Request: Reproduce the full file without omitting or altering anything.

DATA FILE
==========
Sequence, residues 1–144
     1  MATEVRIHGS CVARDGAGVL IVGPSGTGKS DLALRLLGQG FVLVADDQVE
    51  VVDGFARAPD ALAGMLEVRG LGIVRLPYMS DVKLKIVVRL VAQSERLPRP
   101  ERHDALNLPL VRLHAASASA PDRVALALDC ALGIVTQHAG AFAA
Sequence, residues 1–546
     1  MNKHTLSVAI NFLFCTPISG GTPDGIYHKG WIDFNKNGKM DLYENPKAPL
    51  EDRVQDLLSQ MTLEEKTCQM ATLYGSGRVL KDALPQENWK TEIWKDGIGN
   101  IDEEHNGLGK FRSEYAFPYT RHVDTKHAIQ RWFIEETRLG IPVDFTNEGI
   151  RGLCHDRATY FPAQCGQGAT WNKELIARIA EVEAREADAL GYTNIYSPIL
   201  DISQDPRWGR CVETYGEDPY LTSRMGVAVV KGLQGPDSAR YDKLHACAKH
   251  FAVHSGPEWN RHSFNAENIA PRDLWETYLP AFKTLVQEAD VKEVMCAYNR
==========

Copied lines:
Sequence, residues 1–144
     1  MATEVRIHGS CVARDGAGVL IVGPSGTGKS DLALRLLGQG FVLVADDQVE
    51  VVDGFARAPD ALAGMLEVRG LGIVRLPYMS DVKLKIVVRL VAQSERLPRP
   101  ERHDALNLPL VRLHAASASA PDRVALALDC ALGIVTQHAG AFAA
Sequence, residues 1–546
     1  MNKHTLSVAI NFLFCTPISG GTPDGIYHKG WIDFNKNGKM DLYENPKAPL
    51  EDRVQDLLSQ MTLEEKTCQM ATLYGSGRVL KDALPQENWK TEIWKDGIGN
   101  IDEEHNGLGK FRSEYAFPYT RHVDTKHAIQ RWFIEETRLG IPVDFTNEGI
   151  RGLCHDRATY FPAQCGQGAT WNKELIARIA EVEAREADAL GYTNIYSPIL
   201  DISQDPRWGR CVETYGEDPY LTSRMGVAVV KGLQGPDSAR YDKLHACAKH
   251  FAVHSGPEWN RHSFNAENIA PRDLWETYLP AFKTLVQEAD VKEVMCAYNR